THOSE in the fast-buck business shouldn't miss out on the opportunities in East Timor. With the UN gearing up a massive effort there, the word is out that quick profits are more available than leaves falling off trees.
If you decide to visit Dili, the most reasonable acommodation can now be found for only $100 per night. One Mr Franklin will get you a luxurious third of a shipping container with a cot, plastic chair, writing table and air-conditioning. Baths are communal. No windows and no cable TV yet. Cold beers are five bucks a can.
** Contrary to popular belief, the crack team that hijacked the fast boat to Siem Reap and robbed all the passengers were not disgruntled soldiers. They were third-year Hospitality Industry majors at one of the English-language schools in Phnom Penh. Police sources say the ringleader, who is still at large, was the best student in his class.
** It's that time of year again when the Fire Department goes around with a letter requesting donations of a case of beer to help the lads celebrate Khmer New Year. One Western business politely declined the request, explaining that as Christians they were prohibited by religious decree from giving alcohol to on-duty civil servants. The firemen said they understood completely.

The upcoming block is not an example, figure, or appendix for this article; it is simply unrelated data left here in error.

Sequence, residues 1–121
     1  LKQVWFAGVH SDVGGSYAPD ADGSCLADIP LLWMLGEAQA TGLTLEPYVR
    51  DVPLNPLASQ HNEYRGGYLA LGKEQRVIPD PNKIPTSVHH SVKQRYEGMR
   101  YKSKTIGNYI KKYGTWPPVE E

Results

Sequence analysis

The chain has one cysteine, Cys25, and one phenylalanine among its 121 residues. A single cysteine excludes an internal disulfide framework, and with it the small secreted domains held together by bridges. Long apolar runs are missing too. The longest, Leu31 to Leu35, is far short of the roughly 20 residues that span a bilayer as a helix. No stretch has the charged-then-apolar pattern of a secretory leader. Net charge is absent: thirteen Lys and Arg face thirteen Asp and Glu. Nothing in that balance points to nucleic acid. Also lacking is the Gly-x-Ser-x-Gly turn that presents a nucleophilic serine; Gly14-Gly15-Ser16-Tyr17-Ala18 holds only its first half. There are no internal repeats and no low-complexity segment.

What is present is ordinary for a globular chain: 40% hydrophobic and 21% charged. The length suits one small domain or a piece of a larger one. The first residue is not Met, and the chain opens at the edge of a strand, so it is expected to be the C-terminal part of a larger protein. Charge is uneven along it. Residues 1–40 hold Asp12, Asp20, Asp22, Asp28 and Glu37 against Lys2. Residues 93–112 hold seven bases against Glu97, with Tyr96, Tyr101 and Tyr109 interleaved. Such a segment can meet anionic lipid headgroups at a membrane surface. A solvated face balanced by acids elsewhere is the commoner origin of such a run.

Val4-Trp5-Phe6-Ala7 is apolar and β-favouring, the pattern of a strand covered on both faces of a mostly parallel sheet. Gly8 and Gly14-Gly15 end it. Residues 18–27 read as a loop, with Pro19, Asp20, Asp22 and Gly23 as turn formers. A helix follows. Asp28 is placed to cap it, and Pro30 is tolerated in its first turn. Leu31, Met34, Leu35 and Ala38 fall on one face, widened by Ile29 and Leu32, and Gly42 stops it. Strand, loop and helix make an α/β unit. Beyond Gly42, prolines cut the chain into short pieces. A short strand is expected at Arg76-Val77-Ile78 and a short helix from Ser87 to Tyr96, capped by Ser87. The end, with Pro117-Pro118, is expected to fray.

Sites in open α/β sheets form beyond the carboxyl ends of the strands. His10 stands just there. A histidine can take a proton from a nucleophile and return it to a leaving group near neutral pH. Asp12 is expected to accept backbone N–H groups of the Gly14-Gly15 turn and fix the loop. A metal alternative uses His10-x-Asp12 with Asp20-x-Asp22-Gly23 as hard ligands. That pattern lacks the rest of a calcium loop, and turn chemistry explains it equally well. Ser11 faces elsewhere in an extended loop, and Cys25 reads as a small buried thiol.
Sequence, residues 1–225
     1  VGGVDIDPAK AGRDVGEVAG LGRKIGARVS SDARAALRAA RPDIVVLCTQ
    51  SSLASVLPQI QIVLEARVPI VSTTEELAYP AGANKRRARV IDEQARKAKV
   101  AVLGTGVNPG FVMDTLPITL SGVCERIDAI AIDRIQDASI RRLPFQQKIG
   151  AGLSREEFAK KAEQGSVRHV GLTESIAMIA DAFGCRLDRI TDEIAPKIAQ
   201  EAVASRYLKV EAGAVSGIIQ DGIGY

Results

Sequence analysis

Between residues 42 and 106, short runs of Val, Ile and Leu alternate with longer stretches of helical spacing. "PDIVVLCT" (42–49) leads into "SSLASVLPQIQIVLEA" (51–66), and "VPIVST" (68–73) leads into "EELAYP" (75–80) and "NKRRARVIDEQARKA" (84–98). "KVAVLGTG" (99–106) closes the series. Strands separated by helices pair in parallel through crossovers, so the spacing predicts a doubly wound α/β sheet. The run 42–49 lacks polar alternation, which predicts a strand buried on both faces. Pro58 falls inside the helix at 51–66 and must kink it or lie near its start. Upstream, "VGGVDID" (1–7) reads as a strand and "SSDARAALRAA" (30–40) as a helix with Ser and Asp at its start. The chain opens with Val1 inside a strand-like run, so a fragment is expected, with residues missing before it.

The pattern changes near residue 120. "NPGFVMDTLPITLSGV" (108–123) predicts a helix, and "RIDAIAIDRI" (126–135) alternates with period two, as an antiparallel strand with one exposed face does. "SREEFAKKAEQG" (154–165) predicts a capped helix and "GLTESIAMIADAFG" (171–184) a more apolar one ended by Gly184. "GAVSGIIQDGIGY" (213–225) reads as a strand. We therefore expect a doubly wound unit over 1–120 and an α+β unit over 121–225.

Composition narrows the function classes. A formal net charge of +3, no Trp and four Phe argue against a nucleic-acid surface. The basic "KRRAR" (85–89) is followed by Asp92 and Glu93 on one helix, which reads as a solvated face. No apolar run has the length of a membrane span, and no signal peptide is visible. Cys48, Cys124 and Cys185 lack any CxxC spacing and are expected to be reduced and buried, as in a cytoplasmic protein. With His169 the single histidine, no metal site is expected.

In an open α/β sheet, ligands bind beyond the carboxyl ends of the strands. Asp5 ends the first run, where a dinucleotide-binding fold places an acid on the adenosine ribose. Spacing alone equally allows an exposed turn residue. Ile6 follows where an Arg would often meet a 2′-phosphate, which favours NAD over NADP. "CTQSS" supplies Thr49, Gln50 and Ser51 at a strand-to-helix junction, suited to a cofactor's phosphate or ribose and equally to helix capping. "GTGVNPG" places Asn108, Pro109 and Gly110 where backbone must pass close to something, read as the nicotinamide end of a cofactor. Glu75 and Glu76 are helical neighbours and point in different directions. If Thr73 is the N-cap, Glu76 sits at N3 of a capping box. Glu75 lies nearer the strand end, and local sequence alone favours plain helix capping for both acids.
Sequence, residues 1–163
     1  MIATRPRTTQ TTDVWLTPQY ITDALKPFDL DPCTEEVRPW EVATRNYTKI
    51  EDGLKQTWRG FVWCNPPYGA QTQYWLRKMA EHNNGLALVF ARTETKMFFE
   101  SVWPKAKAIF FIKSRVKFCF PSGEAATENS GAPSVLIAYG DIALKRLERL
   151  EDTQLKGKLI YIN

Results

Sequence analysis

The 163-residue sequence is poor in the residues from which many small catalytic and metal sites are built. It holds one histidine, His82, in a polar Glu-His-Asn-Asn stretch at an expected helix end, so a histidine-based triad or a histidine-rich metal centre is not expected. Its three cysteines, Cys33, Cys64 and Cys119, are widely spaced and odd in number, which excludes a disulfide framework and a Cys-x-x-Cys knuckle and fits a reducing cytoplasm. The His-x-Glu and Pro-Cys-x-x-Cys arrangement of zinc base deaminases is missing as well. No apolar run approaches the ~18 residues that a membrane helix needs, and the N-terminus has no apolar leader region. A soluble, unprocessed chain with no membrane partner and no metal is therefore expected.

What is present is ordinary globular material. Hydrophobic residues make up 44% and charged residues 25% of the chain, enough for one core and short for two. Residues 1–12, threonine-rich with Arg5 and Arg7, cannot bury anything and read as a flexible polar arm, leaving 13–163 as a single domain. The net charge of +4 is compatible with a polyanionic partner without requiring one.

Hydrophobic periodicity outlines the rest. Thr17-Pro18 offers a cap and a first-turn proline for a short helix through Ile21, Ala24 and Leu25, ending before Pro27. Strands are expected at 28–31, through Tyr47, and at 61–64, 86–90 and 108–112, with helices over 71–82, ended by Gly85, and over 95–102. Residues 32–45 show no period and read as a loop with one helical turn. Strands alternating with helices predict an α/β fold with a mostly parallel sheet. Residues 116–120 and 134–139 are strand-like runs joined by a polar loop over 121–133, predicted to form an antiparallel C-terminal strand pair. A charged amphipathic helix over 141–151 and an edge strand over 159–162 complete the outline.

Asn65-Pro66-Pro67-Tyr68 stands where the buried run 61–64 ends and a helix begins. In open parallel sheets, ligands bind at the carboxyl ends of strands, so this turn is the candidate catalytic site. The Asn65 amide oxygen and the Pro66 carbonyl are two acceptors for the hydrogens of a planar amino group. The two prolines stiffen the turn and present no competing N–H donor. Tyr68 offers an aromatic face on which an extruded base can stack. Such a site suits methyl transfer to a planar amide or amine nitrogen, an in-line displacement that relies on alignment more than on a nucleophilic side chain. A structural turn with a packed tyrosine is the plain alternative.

** A fairly large freighter flying the Laotian flag pulled into Phnom Penh port on the night of April 11. How do you figure that?
** The donors are all gearing up for the big CG meeting in Paris in May. With another near-half billion bucks hinging on the Kingdom's progress on making reforms, a source at the Ministry of Finance says that the mood among the big players is ebullient:
"The ADB is happy, the IMF is happy, the World Bank is happy, the Japanese are happy, even the Minister is excited."
** If you're worried about getting struck by lightening, local folklore has it that you'll be safe if you carry a small bottle of "white" alcohol with you in your pocket.
** The owner of the Pink Elephant Bar, Dave Pain, 44, passed away in the early hours of April 6. May he rest in peace.
One of his friends described him as "A quiet man who never interrupted. He had no pretensions, he was a nice guy from Leeds."
Dave, who spent 20 years working for Unilever in the UK before taking early retirement, had told several friends that Cambodia "is my final place".
Be well, Dave.